Fraud and Cybercrime
Undergraduate | GRF-CCJ326 | 2024
Study the fast-moving world of tech-enabled crime. Cover viruses, ransomware attacks, online fraud and child exploitation, cyber terrorism, stalking and bullying. Consider current approaches to combatting these crimes.
- Study method
- 100% online
- 100% online
- Enrol by
- 19 May 2024
- Entry requirements
- Prior study needed
- 13 weeks
- Start dates
- 27 May 2024,
- 25 Nov 2024
HECS-HELP and FEE-HELP available
Fraud and Cybercrime
About this subject
After successfully completing this subject you should be able to:
- Demonstrate an understanding of fraud and cybercrime as contemporary and evolving crime categories.
- Demonstrate an understanding of the significant harms (financial, emotional and societal) that result from fraud and cybercrime.
- Apply criminological theories to understand why and how fraud and cybercrime occurs.
- Developing basic strategies for the prevention, disruption and detection of fraud and cybercrime.
- Demonstrate an understanding of the role, responsibilities and investigative capacities of governments, law enforcement, regulatory agencies and corporate and private sectors groups in combatting fraud and cybercrime.
- Demonstrate sound analysis and problem-solving skills.
- Introduction to fraud and cybercrime
- Scale and impact of fraud and cybercrime
- Cybercrime Theories
- Cybercrime: Computer as Target
- Interpersonal Cybercrime
- Cyber-Facilitated Child Exploitation
- Identity and Financial Cybercrime
- Cyber Organised Crime and the Dark Net
- Cyber Terrorism
- Investigating Fraud and Cybercrime
- Preventing Fraud and Cybercrime
- Future Challenges and Course Review
This subject covers a range of technology-enabled crimes, including attacks on computer hardware (i.e., viruses, ransomware attacks, etc.) and those crimes in which computers are used as the primary facilitator of the crime (i.e., online fraud, cyber terrorism, cyber stalking, cyber bullying, online child exploitation, etc.).
Fraud and cybercrime are evolving and contemporary crime categories. These crimes have significant impact on the financial and emotional wellbeing of victims, along with broader societal impact. Current approaches to preventing, detecting and punishing these crimes have proven to be challenging as governments, law enforcement and regulatory agencies attempt to combat their growing prevalence and sophistication of offender methodologies.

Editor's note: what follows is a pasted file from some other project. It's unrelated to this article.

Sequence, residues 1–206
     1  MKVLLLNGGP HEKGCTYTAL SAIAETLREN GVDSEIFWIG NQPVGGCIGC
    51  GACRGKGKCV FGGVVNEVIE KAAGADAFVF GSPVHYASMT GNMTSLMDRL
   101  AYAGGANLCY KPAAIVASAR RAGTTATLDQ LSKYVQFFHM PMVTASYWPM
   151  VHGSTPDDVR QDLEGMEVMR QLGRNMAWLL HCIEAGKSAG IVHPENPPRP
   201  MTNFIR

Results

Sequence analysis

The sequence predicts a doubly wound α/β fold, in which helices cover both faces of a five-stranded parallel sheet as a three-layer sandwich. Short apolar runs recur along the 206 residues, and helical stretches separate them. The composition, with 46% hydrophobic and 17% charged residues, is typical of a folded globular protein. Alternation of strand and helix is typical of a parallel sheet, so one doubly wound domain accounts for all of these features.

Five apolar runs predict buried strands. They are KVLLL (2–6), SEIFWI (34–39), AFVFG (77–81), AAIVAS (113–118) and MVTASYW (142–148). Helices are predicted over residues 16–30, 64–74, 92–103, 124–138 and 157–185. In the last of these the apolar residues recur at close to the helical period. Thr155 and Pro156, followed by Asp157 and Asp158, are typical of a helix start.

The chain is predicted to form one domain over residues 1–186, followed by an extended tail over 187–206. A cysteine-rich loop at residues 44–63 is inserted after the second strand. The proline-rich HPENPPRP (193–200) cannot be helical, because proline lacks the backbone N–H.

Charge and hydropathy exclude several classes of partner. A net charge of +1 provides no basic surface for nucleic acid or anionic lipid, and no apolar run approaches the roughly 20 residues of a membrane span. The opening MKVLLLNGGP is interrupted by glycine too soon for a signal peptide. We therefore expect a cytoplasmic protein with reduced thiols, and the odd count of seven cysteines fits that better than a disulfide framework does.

Part 1 introduces students to the broad concepts of fraud and cybercrime, providing a foundation on which to develop more specific understandings of the multi-faceted nature of these crimes and their prevalence. We will consider the nature and patterns of offending and cybercrime victimology.
Part 2 provides a review of the prevalence and nature of specific types of fraud and cybercrime. Students explore topics ranging from cyber stalking through to cyber terrorism, online investment and romance fraud and identity theft and fraud.
Part 3 explores prevention and investigation approaches to cybercrime.
- Online Quiz (10%)
- Cybercrime Case Study (50%)
- Final Exam (40%)
For textbook details check your university's handbook, website or learning management system (LMS).
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This is not an introductory subject, it is a third year subject. You must have a basic understanding of the first year criminology subjects.
Students who have completed more than 2 OUA units (GPA 4.0+) and are planning on completing the Bachelor of Criminology and Criminal Justice are strongly encouraged to enrol in the degree. Part of this process will involve registering your study plan with Griffith University, which will help to ensure that you are studying the required units.
No additional requirements
- 0.125 EFTSL
- This is in the range of 10 to 12 hours of study each week.
Equivalent full time study load (EFTSL) is one way to calculate your study load. One (1.0) EFTSL is equivalent to a full-time study load for one year.
Find out more information on Commonwealth Loans to understand what this means to your eligibility for financial support.
15 student respondents between 20 Feb - 15 Sept 2023.
100%of students felt the study load was manageable
80%of students felt this subject helped them gain relevant skills
What to study next?
Once you’ve completed this subject it can be credited towards one of the following courses
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